The inability of the federal judiciary “to review moot cases derives from the requirement of Art. III of the Constitution under which the exercise of judicial power depends upon the existence of a case or controversy.” … Although as a matter of Washington state law it appears that this case would be saved from mootness by “the great public interest in the continuing issues raised by this appeal,” … the fact remains that under Art. III “[e]ven in cases arising in the state-courts, the question of mootness is a federal one which a federal court must resolve before it assumes jurisdiction.” …
Since he has now registered for his final term, it is evident that he will be given an opportunity to complete all academic and other requirements for graduation, and, if he does so, will receive his diploma regardless of any decision this Court might reach on the merits of this case. In short, all parties agree that DeFunis is now entitled to complete his legal studies at the University of Washington and to receive his degree from that institution. A determination by this Court of the legal issues tendered by the parties is no longer necessary to compel that result, and could not serve to prevent it. DeFunis did not cast his suit as a class action, and the only remedy he requested was an injunction commanding his admission to the Law. School. He was not only accorded that remedy, but he now has also been irrevocably admitted to the final term of the final year of the Law School course. The controversy between the parties has thus clearly ceased to be “definite and concrete” and no longer touch[es] the legal relations of parties having adverse legal interests.” …
It might also be suggested that this case presents a question that is “capable of repetition, yet evading review,” Southern Pacific Terminal Co v. ICC (1911) … and is thus amenable to federal adjudication even though it might otherwise be considered moot. But DeFunis will never again be required to run the gauntlet of the Law School’s admission process, and so the question is certainly not “capable of repetition” so far as he is concerned. Moreover, just because this particular case did not reach the Court until the eve of the petitioner’s graduation from law school, it hardly follows that the issue he raises will in the future evade review. If the admissions procedures of the Law School remain unchanged, there is no reason to suppose that a subsequent case attacking those procedures will not come with relative speed to this Court, now that the Supreme Court of Washington has spoken. This case, therefore, in no way presents the exceptional situation in which the Southern Pacific Terminal doctrine might permit a departure from “[t]he usual rule in federal cases … , that an actual controversy must exist at stages of appellate or certiorari review, and not simply at the date the action is initiated.” …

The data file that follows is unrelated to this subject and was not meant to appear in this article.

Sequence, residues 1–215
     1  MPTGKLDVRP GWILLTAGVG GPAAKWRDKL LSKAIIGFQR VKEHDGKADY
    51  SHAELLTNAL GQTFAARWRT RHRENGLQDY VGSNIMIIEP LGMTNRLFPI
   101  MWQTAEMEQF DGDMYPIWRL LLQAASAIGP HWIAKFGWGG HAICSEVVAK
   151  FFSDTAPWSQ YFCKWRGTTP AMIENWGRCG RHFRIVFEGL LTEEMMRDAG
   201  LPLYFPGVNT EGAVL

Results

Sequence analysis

Because the petitioner will complete his law school studies at the end of the term for which he has now registered regardless of any decision *this Court might reach on the merits of this litigation, we conclude that the Court cannot, consistently with the limitations of Art. III of the Constitution, consider the substantive constitutional issues tendered by the parties. Accordingly, the judgment of the Supreme Court of Washington is vacated, and the case is remanded for such proceedings as by that court may be deemed appropriate.
It is so ordered.